PHIDIAS - Phidias

Famous ancient Greek sculptor Phidias is making preparations to build another marvellous monument. For this purpose he needs rectangular marble plates of sizes W1 x H1, W2 x H2, ..., WN x HN.

Recently, Phidias has received a large rectangular marble slab. He wants to cut the slab to obtain plates of the desired sizes. Any piece of marble (the slab or the plates cut from it) can be cut either horizontally or vertically into two rectangular plates with integral widths and heights, cutting completely through that piece. This is the only way to cut pieces and pieces cannot be joined together. Since the marble has a pattern on it, the plates cannot be rotated: if Phidias cuts a plate of size A ? B then it cannot be used as a plate of size B ? A unless A = B. He can make zero or more plates of each desired size. A marble plate is wasted if it is not of any of the desired sizes after all cuts are completed. Phidias wonders how to cut the initial slab so that as little of it as possible will be wasted.

As an example, assume that in the figure below the width of the original slab is 21 and the height of the original slab is 11, and the desired plate sizes are 10 x 4, 6 x 2, 7 x 5, and 15 x 10. The minimum possible area wasted is 10, and the figure shows one sequence of cuts with total waste area of size 10.

Your task is to write a program that, given the size of the original slab and the desired plate sizes, calculates the minimum total area of the original slab that must be wasted.


t - the number of test cases, then t test cases follow [t <= 20]. The first line of each test case contains two integers: first W, the width of the original slab, and then H, the height of the original slab. The second line contains one integer N: the number of desired plate sizes. The following N lines contain the desired plate sizes. Each of these lines contains two integers: first the width Wi and then the height Hi of that desired plate size (1 <= i <= N). [1 <= W <= 600, 1 <= H <= 600, 0 < N <= 200, 1 <= Wi <= W, and 1 <= Hi <= H.]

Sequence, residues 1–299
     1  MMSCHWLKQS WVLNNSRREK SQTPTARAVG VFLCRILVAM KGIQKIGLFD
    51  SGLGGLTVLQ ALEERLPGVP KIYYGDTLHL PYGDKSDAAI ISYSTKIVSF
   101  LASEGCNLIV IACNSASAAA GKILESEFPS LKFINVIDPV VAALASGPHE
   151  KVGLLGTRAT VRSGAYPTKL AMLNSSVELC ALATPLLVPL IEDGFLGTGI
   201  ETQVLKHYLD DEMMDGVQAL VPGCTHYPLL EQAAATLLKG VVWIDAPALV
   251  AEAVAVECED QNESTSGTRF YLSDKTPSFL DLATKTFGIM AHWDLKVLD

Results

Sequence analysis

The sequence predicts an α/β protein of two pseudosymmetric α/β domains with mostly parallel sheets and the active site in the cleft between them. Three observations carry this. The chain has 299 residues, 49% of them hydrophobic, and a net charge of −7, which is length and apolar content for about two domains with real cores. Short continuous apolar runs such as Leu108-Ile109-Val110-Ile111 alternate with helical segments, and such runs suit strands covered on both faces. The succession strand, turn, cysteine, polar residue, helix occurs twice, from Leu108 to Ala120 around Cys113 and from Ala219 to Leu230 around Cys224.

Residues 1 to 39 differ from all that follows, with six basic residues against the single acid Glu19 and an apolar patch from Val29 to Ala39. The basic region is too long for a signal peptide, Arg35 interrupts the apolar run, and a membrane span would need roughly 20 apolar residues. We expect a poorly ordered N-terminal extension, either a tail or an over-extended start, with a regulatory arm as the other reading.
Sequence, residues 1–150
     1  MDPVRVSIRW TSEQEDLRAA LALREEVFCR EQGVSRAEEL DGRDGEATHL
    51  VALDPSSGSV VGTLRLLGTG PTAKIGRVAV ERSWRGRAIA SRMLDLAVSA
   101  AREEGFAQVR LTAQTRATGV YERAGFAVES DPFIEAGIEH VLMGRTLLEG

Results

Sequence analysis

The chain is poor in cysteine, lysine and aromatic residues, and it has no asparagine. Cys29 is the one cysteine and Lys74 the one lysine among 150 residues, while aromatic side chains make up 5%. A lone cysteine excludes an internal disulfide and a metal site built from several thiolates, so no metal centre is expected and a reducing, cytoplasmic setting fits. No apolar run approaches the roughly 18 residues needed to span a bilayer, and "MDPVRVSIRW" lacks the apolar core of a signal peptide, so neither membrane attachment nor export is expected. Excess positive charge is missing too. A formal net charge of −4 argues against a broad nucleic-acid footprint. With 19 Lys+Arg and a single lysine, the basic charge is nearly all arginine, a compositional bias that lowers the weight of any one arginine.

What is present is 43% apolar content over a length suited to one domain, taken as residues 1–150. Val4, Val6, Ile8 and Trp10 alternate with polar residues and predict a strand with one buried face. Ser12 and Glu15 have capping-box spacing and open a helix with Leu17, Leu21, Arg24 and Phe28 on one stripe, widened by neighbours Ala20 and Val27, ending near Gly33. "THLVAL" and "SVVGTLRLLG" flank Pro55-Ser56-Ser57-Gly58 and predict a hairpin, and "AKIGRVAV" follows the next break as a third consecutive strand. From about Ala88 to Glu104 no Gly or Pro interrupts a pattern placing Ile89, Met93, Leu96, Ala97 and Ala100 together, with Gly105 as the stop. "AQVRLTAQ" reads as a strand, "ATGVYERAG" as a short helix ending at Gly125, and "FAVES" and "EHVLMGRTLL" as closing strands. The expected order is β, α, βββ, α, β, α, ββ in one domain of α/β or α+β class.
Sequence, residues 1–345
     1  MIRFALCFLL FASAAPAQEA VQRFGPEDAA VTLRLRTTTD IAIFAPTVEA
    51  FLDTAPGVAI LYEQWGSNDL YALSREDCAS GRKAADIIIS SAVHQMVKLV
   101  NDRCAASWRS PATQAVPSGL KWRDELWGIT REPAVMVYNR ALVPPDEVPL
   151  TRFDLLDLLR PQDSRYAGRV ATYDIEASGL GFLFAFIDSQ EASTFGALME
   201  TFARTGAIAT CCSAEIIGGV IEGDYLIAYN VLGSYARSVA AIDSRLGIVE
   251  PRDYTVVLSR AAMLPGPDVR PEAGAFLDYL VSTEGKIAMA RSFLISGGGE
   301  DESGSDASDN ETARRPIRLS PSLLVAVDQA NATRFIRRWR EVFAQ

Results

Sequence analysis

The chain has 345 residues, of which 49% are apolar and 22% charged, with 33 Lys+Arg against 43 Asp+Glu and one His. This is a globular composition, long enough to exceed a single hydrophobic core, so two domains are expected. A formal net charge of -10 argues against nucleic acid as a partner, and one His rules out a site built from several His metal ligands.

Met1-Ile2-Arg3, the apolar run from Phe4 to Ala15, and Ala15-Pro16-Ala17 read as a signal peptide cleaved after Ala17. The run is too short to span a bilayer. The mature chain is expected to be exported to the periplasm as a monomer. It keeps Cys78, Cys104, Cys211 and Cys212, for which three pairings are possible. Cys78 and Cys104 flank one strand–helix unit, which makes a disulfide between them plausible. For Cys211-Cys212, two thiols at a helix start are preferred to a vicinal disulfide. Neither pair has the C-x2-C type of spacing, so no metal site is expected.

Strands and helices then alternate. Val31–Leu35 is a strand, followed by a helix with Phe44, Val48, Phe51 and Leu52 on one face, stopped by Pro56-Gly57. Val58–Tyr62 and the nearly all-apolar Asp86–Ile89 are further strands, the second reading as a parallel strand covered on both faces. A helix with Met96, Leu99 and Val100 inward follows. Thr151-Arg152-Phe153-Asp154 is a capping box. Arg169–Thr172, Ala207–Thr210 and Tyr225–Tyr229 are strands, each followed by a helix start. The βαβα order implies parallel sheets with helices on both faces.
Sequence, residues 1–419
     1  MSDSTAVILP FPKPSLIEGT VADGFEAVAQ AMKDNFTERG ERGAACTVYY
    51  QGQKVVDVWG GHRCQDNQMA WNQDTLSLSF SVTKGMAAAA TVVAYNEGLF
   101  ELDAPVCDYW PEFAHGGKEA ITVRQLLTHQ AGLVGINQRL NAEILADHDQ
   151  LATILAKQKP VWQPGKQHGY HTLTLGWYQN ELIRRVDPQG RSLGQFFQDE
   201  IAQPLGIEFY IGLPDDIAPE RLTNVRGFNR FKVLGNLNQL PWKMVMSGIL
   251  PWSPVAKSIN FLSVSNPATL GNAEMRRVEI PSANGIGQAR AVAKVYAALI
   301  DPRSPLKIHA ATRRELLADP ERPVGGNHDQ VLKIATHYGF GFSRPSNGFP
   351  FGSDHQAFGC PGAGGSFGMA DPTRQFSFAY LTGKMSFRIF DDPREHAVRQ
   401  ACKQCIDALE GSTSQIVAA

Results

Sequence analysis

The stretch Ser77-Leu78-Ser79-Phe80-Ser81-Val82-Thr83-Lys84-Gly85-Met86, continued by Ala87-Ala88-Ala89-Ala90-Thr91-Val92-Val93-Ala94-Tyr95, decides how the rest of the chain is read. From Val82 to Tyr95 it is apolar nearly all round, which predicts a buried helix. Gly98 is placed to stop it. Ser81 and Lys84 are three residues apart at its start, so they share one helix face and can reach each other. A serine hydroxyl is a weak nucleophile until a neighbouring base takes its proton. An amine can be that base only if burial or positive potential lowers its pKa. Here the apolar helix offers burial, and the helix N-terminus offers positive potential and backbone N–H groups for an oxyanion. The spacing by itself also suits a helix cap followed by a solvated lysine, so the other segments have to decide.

For each test case output one line with a single integer: the minimum total area of the original slab that must be wasted.


21 11
10 4
6 2
7 5
15 10


hide comments
abhi_8: 2023-08-29 09:06:12

The biggest hint that is not understandable from question for poor guys like me is that, when you cut the plate along one direction, you cut as whole, you can't stop in between, 5x3 can be cut in two segments where both have same height or same width. like ( 1x3 and 4x3 ) or ( 5x1 and 5x2 ) or any such combos. This the difference with the classic tiling problem.

evang12: 2022-01-06 23:08:27

Great problem! The problem seemed very difficult at first, but with a few observations, this problem breaks down into a much simpler one.

an09mous: 2020-04-01 14:33:56

Interesting problem. It's not similar to the tiling problem, so don't get confused.

sagar_maktha: 2019-09-25 20:39:50

Can anyone provide test cases?

adist98: 2019-07-18 02:32:01

Interesting question.

hello_world123: 2018-06-14 21:26:25

Similar to floor tiling problem ...

aman_sachin200: 2018-06-13 13:28:55

Awesome one!!My 150th :P

ayush_1997: 2017-02-26 10:25:28

nice dp :)

aman_gupta: 2016-10-10 05:41:55

ac in one go :)

lt: 2016-04-21 15:27:22

Wrong answer!!!
I don't have any idea, why it's giving me wrong ans, can somebody give me another test case?

Added by:Roman Sol
Time limit:21s
Source limit:30000B
Memory limit:1536MB
Cluster: Cube (Intel G860)
Languages:All except: NODEJS PERL6 VB.NET
Resource:IOI 2004